ISTM, the International Society of Travel Medicine, has an excellent online list of clinics (www.istm.org) that is usable, with the usual caveats, by nonmembers as well as members. Nice to peruse before a trip or if you get home with some persistent bug, but not useful on the tram tracks.
My backstop for this situation is an unusual organization, the International Association for Medical Assistance to Travelers. This U.S-Canadian nonprofit organization survives wholly by contributions. It gives its members a pocket-sized 74-page directory of clinics around the world where English is spoken and that charge reasonable fees, which are outlined in the booklet. I throw the little book into my pack as a matter of course. Had it been me there on the pavement, and had all my medical friends left town, there are two entries for Budapest. Assuming I could point to a phone number, English-speaking help would probably come.
I would consider the president of this organization, M. Assunta Uffer-Marcolongo, an idealist too good to be true, except that I have known her for 20 years, and she's as selfless as ever and just as dedicated to the goals of her late husband, who created the organization in 1960. You may become a member and receive a directory — it is revised annually — as well as other useful information, at the online address: www.iamat.org. Membership is free but be sure to follow up with a contribution to the organization.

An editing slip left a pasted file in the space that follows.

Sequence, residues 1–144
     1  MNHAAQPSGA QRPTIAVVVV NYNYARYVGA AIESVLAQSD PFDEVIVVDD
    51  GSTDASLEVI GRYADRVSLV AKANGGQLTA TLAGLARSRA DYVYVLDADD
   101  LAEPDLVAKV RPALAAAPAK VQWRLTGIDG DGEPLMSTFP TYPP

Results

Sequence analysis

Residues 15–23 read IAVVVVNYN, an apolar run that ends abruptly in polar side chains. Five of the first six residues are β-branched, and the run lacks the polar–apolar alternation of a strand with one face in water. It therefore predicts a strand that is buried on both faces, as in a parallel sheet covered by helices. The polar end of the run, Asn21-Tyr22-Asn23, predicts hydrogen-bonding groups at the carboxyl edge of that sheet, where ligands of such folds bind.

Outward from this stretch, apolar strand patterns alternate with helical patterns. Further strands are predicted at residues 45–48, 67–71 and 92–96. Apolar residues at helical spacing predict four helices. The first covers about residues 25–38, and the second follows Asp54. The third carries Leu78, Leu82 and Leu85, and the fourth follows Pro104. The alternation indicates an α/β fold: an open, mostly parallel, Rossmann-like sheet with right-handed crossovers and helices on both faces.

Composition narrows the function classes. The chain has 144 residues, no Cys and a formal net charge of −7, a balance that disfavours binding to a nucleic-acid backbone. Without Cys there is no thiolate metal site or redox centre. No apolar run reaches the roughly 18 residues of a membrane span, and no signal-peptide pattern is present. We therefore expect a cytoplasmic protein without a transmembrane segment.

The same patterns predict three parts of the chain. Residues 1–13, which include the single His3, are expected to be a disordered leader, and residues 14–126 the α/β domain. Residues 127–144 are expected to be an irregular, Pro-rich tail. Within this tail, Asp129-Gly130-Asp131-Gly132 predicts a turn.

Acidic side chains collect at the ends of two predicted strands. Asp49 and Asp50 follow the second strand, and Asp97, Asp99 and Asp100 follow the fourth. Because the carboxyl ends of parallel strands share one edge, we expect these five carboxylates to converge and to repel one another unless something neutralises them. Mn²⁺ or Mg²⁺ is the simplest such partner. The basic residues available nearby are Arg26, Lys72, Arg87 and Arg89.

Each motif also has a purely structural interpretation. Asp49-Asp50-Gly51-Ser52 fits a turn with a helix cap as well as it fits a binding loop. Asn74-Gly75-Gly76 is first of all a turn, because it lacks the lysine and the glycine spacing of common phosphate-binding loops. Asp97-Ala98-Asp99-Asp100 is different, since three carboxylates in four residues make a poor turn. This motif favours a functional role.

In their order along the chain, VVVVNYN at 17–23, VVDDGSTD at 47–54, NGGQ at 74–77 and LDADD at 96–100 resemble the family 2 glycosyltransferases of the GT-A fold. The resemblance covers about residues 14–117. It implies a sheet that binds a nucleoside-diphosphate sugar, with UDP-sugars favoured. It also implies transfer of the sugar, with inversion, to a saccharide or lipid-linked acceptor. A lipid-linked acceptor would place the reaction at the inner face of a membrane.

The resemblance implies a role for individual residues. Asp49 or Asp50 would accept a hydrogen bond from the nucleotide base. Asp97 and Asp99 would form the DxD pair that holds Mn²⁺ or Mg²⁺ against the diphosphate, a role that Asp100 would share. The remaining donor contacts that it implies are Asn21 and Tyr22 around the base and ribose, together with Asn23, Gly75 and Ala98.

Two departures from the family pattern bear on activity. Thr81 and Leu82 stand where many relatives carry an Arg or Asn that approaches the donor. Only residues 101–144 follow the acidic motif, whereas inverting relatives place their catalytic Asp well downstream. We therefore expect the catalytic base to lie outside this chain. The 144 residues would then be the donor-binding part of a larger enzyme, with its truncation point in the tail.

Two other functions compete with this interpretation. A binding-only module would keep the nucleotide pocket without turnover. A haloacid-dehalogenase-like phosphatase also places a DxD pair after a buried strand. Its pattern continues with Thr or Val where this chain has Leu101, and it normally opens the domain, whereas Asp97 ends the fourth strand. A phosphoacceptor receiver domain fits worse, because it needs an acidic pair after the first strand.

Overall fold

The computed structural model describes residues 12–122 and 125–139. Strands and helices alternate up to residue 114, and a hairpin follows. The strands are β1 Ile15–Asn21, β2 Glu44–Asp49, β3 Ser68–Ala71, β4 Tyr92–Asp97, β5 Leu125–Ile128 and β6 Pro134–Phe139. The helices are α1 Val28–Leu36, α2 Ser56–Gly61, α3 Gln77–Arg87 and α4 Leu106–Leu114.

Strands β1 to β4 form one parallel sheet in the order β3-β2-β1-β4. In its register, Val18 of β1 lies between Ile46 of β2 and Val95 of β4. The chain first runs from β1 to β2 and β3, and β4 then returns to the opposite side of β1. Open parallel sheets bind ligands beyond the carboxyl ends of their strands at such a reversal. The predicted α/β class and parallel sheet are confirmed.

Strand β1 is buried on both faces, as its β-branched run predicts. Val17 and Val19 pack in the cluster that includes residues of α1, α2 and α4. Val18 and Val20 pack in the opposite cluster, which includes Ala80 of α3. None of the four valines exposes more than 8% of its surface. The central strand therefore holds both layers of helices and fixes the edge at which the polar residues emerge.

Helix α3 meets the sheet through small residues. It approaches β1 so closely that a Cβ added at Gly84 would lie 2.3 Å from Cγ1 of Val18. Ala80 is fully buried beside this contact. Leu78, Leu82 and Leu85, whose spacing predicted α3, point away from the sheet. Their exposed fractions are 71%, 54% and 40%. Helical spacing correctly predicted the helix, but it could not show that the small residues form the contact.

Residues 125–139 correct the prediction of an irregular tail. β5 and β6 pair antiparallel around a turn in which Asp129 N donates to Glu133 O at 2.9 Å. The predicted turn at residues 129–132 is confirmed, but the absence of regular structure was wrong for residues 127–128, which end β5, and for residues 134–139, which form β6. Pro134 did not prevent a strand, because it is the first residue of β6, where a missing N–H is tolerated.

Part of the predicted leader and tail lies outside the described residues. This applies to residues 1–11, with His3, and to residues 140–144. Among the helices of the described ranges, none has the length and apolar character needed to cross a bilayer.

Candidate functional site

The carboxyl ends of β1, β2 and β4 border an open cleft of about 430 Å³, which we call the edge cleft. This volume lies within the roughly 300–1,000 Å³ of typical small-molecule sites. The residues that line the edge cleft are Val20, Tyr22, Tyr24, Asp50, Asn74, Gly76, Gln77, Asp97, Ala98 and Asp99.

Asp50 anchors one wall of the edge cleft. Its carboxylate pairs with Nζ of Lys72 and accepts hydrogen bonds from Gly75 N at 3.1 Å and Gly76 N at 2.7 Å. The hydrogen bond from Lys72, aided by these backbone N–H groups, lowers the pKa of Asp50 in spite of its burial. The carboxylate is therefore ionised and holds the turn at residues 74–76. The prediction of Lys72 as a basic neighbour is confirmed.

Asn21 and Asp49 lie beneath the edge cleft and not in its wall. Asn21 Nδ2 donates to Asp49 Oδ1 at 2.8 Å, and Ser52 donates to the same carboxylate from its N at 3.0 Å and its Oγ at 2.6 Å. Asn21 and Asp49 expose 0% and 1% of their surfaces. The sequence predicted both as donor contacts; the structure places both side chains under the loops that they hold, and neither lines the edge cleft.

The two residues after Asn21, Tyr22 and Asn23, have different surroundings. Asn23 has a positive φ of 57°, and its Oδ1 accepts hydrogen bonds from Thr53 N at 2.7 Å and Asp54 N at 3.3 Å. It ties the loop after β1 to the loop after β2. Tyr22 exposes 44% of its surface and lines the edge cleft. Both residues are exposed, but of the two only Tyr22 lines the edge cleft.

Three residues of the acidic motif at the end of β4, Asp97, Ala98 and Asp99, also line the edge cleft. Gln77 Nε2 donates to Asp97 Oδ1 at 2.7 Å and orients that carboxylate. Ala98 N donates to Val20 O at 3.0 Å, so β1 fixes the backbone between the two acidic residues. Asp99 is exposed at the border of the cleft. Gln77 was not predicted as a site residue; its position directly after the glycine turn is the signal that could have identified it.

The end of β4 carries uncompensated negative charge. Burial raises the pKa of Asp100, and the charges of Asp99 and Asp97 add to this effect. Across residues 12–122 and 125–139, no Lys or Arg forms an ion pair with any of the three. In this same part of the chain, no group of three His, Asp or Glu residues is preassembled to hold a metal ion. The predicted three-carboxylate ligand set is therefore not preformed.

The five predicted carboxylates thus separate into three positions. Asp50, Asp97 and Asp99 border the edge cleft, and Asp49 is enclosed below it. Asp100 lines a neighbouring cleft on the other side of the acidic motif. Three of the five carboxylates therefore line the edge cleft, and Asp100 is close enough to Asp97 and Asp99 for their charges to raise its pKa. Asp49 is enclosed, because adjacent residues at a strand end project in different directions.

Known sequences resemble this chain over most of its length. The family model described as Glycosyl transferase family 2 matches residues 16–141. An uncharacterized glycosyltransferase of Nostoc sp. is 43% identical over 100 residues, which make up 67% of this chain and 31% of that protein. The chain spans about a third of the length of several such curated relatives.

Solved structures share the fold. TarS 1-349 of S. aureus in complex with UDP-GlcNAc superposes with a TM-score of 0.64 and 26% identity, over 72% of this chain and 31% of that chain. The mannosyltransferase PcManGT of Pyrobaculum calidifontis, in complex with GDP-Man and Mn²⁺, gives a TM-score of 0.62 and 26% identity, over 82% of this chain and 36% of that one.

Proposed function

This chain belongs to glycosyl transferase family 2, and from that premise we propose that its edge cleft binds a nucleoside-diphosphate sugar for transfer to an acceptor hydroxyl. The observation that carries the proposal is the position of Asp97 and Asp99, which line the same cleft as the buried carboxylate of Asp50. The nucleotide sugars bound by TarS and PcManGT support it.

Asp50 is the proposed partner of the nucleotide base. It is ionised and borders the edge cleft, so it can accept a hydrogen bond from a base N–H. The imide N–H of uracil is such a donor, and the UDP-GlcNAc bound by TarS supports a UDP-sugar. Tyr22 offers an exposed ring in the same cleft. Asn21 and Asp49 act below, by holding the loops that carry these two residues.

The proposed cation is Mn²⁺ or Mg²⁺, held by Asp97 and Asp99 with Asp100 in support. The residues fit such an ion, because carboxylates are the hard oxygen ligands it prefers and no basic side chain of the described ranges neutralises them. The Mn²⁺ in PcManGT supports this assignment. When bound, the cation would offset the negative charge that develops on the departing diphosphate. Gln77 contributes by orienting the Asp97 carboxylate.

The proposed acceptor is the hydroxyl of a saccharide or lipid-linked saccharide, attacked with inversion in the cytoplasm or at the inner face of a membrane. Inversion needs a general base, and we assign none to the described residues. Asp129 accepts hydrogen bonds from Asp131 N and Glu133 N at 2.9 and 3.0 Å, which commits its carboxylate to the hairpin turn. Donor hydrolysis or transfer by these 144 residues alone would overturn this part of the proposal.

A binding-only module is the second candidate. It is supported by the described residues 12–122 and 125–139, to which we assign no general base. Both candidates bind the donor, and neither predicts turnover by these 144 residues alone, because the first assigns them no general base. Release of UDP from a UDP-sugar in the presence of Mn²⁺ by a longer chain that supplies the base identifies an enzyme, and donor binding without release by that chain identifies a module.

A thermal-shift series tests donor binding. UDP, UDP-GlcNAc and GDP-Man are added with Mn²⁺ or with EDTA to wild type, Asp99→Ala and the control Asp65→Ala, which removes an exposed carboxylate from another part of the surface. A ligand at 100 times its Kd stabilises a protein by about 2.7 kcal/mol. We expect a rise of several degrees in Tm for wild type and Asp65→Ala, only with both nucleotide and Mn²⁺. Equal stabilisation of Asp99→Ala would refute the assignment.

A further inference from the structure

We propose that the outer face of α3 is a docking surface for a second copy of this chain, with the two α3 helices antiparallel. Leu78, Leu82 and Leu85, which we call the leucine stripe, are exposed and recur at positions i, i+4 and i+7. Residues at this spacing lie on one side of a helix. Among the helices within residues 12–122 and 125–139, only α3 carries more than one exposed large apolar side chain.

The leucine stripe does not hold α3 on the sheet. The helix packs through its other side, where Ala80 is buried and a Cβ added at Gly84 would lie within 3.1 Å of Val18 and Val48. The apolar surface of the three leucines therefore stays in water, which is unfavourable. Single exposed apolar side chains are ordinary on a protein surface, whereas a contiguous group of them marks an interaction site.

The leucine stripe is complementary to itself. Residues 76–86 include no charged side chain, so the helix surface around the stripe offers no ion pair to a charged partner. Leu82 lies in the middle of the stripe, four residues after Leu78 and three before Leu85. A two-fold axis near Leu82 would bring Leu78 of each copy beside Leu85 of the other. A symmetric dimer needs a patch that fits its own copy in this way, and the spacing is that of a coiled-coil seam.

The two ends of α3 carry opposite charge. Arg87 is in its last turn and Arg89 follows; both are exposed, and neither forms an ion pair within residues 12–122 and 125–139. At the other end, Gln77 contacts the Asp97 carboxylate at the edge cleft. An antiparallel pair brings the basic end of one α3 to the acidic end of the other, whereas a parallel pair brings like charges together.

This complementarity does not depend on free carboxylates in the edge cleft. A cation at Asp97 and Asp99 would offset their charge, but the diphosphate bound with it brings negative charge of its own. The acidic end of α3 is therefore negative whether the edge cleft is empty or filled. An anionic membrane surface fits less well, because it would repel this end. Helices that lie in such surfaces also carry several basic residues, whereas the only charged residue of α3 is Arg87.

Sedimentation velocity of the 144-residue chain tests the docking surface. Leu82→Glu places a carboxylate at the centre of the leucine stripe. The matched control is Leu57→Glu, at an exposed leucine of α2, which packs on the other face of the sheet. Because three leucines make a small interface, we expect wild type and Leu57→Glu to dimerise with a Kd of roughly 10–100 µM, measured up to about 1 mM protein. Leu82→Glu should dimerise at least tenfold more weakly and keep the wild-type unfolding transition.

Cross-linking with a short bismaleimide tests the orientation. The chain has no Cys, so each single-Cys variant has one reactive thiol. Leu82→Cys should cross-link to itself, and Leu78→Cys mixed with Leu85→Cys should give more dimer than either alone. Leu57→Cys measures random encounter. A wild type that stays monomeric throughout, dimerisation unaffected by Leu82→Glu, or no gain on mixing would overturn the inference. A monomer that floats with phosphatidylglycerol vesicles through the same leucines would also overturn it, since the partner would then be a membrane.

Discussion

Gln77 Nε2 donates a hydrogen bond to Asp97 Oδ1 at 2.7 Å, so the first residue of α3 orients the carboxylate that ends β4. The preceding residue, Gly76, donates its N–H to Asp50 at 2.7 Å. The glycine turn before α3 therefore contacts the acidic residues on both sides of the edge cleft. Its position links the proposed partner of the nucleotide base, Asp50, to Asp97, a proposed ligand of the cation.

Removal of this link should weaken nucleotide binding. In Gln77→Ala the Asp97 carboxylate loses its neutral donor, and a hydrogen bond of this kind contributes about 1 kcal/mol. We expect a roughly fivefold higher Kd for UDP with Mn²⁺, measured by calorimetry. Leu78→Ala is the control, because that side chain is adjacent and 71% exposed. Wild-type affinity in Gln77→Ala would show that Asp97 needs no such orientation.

In Budapest, I asked Dr. Elaine C. Jong, emeritus professor of medicine at the University of Washington, who is now head of the organization's medical board, how much she thought was appropriate. The president never says what the minimum is. Dr. Jong and I agreed that $100 wouldn't be wrong for the booklet and membership.
A further question was raised by seeing the man on the pavement: Where are my medical records? Am I carrying my recent EKG, as my doctor told me to? Well, no. Who knows my allergies?
Here is where a really good idea, in my estimation, is in the pipeline: a flashdrive with your medical data on it. Easy to carry, usable wherever there is a computer. Amendable. The commercial displays for the International Society of Travel Medicine convention included one for Care Plus, which the spokesman identified as a "tiny Dutch company." Along with familiar anti-insect products, it was displaying a flashdrive, or USB stick, containing software called Medikeeper.
The agent said he had sold the gadgets for about six months, but had no U.S. distributors. So I bought a sample from him for $25 in Hungarian florints. I activated it on our laptop at the hotel. It works in five languages: German, England, Spanish, French and Dutch. On a couple of exploratory looks, I found it coherent and easy. Data can be kept secure from outside inspection, but that seems to defeat the purpose. It does not have a U.S.-style advanced medical directive or a medical proxy, but it does provide space for the names of people you identify as authorized to make decisions for you.
Since I travel with a couple of flashdrives on a lanyard anyway, it would be easy to add a red one marked Medikeeper. But finding this product online looked like frustrating exercise.
While I was brooding at the Care Plus booth, Dr. Stuart Rose of Northampton, Mass., president of a travel-product company, came by. He said his outfit, Travel Medicine, sells a similar new gadget on its Web site, www.travmed.com. This device, Traveler-ER — meaning emergency records — will not pop up on the site unless you enter that hyphen. It sells for $30. None were available at the conference, so I can't give you more information right now.
Both of these devices, which I consider early versions of a good idea, work only with Windows. Flashdrives are cheap; it's the software that raises the price.
Yes, indeed, some of the PowerPoint discussions about travel health were valuable and important, and there is more to say. But let me tell you, the basic travel health lessons were out there, in the airport and the street.